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One thing I love about working at the university is the young people I have the opportunity to associate with. We recently had two young ladies spend a lot of time in our home. One of them, Laura, was in my math class. The other, Kathy, was one of my wife’s Elementary Music Methods students. They happened to be roommates and were both city girls, unaccustomed to country life. I liked to take advantage of their naïvety and tease them.

One night they came for dinner and stayed late, visiting and playing games with my daughters. It was after dark by the time they were leaving, and I said, “Drive carefully. This time of year there are a lot of animals on the road out here in the country.”

They laughed. “We are used to cats and dogs crossing the road,” Kathy said.

“I’m not talking about cats and dogs,” I replied. “I’m talking about moose and skunks, deer and raccoons.”

They smiled, and I could tell by the look on their faces that they didn’t believe me. “Moose and skunks?” they asked sarcastically.

“Here is something to remember,” I told them. “If you come across both a moose and a skunk at the same time, avoid the moose and hit the skunk. The skunk will only make your car smelly, but hitting a moose is deadly.”

“Are you serious?” Kathy asked. “A moose and a skunk together?”

“You never know,” I replied. “I’ve heard that moose and skunks sometimes run together in herds to protect each other.”

I watched them look at each other and roll their eyes. They obviously didn’t believe me. The next day, as I was driving my children to school, we came across a huge, dead skunk in the middle of the road. We could smell it for nearly a mile before we saw it and continued smelling it for many miles after we had passed by. Obviously, someone had hit it only the night before. As I recalled my conversation with the two girls, I laughed and said to my daughters, “Laura and Kathy must have come across a moose and a skunk last night.”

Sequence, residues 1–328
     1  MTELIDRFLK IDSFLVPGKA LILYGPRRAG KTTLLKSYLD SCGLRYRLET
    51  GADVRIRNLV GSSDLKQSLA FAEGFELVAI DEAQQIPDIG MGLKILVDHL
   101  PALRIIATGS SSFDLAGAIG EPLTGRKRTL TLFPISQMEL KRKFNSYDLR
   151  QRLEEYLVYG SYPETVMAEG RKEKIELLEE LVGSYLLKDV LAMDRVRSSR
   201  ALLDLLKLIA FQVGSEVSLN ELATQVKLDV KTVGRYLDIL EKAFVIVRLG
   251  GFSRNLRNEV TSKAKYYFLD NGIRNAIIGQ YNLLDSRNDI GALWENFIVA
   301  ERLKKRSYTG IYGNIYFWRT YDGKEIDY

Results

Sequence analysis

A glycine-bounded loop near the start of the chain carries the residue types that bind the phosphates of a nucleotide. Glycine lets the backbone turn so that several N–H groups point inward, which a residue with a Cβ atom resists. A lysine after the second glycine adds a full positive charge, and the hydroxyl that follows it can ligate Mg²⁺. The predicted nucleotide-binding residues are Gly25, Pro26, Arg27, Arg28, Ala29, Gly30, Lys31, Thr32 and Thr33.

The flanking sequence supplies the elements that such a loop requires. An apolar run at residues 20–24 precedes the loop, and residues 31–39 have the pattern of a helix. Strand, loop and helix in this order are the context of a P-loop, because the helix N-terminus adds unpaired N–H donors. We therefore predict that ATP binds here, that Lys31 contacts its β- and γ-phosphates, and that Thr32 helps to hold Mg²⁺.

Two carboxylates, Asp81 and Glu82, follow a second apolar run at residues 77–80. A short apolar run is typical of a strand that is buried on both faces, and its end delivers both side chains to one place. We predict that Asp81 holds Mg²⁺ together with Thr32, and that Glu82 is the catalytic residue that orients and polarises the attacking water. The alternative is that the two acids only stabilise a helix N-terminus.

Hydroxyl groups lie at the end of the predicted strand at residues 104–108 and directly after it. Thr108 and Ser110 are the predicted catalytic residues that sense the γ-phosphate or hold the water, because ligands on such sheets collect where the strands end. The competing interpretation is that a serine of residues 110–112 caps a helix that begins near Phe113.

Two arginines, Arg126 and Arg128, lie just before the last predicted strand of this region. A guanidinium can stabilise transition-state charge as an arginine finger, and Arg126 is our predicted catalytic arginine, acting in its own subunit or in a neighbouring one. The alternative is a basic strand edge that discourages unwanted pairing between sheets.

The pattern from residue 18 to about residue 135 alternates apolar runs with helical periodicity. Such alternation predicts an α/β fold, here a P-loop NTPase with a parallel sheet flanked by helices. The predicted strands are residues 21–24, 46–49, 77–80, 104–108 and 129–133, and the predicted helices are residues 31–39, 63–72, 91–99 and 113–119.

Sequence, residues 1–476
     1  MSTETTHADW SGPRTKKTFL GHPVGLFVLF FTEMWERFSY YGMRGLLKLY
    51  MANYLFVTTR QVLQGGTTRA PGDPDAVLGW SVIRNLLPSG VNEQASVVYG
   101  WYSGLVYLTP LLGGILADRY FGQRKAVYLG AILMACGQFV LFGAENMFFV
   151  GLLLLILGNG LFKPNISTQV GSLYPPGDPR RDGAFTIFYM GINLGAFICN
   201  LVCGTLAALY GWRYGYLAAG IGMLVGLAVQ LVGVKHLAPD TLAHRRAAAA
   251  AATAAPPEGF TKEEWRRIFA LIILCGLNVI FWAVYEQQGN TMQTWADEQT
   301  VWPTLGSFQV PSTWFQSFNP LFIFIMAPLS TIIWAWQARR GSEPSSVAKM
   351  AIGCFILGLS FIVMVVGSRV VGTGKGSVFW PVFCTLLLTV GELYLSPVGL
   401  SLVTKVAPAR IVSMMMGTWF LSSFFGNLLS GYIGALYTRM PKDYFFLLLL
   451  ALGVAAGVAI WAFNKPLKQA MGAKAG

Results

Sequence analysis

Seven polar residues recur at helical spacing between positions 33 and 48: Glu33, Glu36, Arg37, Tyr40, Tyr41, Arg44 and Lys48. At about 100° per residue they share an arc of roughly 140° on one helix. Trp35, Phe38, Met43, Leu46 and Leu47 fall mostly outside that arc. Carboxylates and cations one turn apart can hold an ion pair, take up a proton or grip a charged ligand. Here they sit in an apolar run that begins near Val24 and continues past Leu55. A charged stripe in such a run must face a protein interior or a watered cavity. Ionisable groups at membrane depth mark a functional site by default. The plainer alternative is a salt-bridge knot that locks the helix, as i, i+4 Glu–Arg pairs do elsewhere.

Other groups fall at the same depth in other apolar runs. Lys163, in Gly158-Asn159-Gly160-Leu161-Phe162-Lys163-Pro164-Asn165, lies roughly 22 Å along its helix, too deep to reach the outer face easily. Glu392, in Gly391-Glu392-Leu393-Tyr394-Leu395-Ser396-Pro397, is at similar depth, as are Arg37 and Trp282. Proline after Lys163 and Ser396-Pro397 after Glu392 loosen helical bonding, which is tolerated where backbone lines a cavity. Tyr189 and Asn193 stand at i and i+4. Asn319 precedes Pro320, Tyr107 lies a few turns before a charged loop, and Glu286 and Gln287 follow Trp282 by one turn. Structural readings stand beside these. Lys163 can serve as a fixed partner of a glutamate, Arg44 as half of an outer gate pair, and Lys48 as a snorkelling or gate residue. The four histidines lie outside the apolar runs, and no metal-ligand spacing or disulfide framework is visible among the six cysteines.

I, of course, was joking, because the chance of them being the ones to hit it was very small, and the chance of a moose and a skunk being together was almost zero. But later that day I received an interesting call from Laura.

“Hi Professor Howard,” she said. “Can I possibly park my car at your house for a few days?”

“Why?” I asked.

“Do you remember how you told us to be careful as we were driving home last night because we might see moose and skunks?”

“Yes,” I replied.

“Well, we thought you were joking. But when we were on our way home, we suddenly saw a skunk up ahead, so I swerved into the other lane to avoid hitting it.”

“That was smart,” I answered.

“But just then a moose ran into the road in front of us, and I remembered what you told us about avoiding hitting the moose at all costs, even if it meant running over the skunk. So I swerved back into my lane to miss it like you said I should, and I hit the skunk dead on.”

“With the emphasis on dead?” I asked.

“Yes,” she replied. “And my car smells so bad that our apartment manager asked if I could find another place to park it until the smell goes away.”

Even though I had only been teasing them, I was suddenly grateful I had mentioned what I had. If they had hit the moose, it probably would have killed them.

“I’ve learned my lesson,” Laura continued. “And I have warned everyone I know to be careful driving because moose and skunks run together in herds.”